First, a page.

That’s what the city of Indianapolis did with its last steel truss bridge, which was built in 1941. In those days, the city hadn’t annexed this area yet. These were the boondocks. But this road was important enough to be a state highway, and the state built this bridge. Today, it’s in the middle of one of Indianapolis’s major shopping destinations. To handle the traffic, the city widened this road to four lanes – and restored this bridge and built a standard-issue concrete bridge next to it. Eastbound traffic flows across this old bridge. I shot this video to record the joyful experience of driving over a truss bridge.

1931 Xenia Bridge, Carroll County, Indiana

1931 Xenia Bridge, Carroll County, Indiana

A great thing about iron and steel truss bridges is that they can often be disassembled and reassembled on a new site. When Indiana has needed to replace its truss highway bridges, it has been pretty good about offering them for reuse. I found this former highway bridge on a back road southeast of Delphi, Indiana.

1913 Houck Iron Bridge, now called Gray Bridge, Putnam County, Indiana

1913 Houck Iron Bridge, now called Gray Bridge, Putnam County, Indiana

I got to see one reused truss bridge in its original and new locations. The Houck Iron Bridge was on a back road northeast of Greencastle, Indiana. It had been unsafe and closed to traffic for a long time when I came upon it. The county eventually got around to replacing it.

1913 Gray Bridge, née Houck Iron Bridge, Delphi, Indiana

1913 Gray Bridge, née Houck Iron Bridge, Delphi, Indiana

Fortunately, the town of Delphi wanted it. They had it disassembled and shipped north about 70 miles to their town, where it was restored and reassembled on the town’s extensive trail system. It’s now known as the Gray Bridge, to match its gray coat of paint.

1923 Devils Elbow Bridge, Pulaski County, Missouri

1923 Devils Elbow Bridge, Pulaski County, Missouri

Some bridges are restored in place. This is the bridge at Devils Elbow in Missouri, on old Route 66. I snapped this shot in 2013 before its restoration. I’ll have to go back one day to capture it in its renewed glory.

1892 O’Neal Bridge, Boone County, Indiana

1892 O’Neal Bridge, Boone County, Indiana

This bridge on a back road in Boone County, Indiana, was restored in about 2010.

1925 & 1933 concrete-arch bridge, Indianapolis, Indiana

1925 & 1935 concrete-arch bridge, Indianapolis, Indiana

Some bridges just aren’t very lucky. This concrete-arch bridge was built with two lanes in 1925, and two more lanes were added in 1935. It carried US 52 for decades, until that highway was routed around the city on an Interstate beltway. The city took over the old road, including this bridge – and then ignored the bridge until it was in deplorable condition. From a cost perspective, this was a smart move: they would have had to pay for all of the maintenance, but the Feds would pay for a huge chunk of replacing it. The city saved big by letting this bridge crumble away.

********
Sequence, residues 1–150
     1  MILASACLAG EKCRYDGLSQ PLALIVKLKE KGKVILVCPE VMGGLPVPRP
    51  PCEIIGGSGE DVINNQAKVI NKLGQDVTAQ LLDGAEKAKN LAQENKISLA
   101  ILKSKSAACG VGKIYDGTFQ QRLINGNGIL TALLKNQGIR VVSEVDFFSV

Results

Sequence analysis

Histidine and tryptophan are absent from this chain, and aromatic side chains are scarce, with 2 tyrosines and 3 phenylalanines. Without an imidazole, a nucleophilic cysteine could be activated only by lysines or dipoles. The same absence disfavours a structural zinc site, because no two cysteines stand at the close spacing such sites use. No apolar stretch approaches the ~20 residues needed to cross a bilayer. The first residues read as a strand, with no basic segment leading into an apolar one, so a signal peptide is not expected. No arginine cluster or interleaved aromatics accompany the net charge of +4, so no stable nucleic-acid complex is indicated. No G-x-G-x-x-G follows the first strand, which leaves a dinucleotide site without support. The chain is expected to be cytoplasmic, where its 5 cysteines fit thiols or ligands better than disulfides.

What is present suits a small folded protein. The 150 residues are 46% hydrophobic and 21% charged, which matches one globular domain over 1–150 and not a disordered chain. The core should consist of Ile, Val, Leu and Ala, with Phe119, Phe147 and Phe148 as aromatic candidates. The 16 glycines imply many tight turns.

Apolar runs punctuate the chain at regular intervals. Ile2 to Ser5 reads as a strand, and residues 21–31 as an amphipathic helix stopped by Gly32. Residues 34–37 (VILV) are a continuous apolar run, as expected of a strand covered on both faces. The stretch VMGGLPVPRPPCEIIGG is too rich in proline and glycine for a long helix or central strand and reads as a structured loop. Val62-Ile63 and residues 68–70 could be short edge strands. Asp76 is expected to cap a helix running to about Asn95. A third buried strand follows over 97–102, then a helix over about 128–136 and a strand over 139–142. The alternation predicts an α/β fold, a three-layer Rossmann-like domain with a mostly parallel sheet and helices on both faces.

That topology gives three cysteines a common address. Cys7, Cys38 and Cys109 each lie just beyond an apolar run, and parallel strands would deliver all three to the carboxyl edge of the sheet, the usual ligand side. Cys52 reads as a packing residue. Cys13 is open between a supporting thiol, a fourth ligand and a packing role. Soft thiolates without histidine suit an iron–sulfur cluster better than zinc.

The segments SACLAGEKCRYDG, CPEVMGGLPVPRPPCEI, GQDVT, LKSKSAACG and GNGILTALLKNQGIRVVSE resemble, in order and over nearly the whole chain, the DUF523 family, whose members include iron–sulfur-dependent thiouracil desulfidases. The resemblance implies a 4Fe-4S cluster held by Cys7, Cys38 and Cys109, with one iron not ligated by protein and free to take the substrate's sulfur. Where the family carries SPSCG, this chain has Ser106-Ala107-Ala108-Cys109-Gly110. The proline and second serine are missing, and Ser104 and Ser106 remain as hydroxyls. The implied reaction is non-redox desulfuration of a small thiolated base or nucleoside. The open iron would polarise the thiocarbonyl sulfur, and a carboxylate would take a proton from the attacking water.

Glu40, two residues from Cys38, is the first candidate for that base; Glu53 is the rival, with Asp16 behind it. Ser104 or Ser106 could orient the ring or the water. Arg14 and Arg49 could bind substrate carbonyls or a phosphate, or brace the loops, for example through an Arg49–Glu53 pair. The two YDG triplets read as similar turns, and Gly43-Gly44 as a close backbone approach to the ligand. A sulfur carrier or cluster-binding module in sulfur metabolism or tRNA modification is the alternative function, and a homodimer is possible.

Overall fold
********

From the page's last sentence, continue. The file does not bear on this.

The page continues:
1925 & 1933 concrete arch bridge, Indianapolis, Indiana

1925 & 1933 concrete arch bridge, Indianapolis, Indiana

I live near this bridge and documented its destruction. This is when I learned that a closed-spandrel concrete-arch bridge is filled with dirt! I was sad to see this bridge go, but it really had become a basket case and demolition was the only solution I could see.

1925 SR 37 bridge, Morgan County, Indiana

1925 SR 37 bridge, Morgan County, Indiana

Even though truss bridges can often be disassembled and moved, that’s not always enough to save them. This three-span pony truss bridge used to carry State Road 37 north of Bloomington, Indiana. A new alignment of 37 was built about 40 years ago, leaving this bridge to carry local traffic. It, too, was badly neglected, and at its last inspection it was called “basically intolerable” and was put on the demolition list. It’s closed to traffic today, awaiting its replacement.

1893 Bridgeport Bridge, Ohio County, West Virginia, and Belmont County, Ohio

1893 Bridgeport Bridge, Ohio County, West Virginia, and Belmont County, Ohio

Sometimes, they’re simply too far gone to be saved. This unusual, ornate bridge of wrought iron once carried the National Road and US 40 across the Ohio River backchannel between Wheeling Island in West Virginia and Bridgeport, Ohio. Its narrow deck and terrible condition made it a target for replacement, and a modern concrete slab bridge was built alongside it during probably the 1990s. This bridge was then left to rot. In an illicit mission a few months before this bridge bit the dust, I walked out onto it – tricky and stupid, as the deck had been removed – to have a look. I’m no civil engineer, but it looked like a basket case to me, with rotted structural members everywhere. Some of my bridge-loving colleagues say that the rot could have been cost-effectively replaced in a restoration. Maybe they were right, but it’s moot now: this video shows its demolition.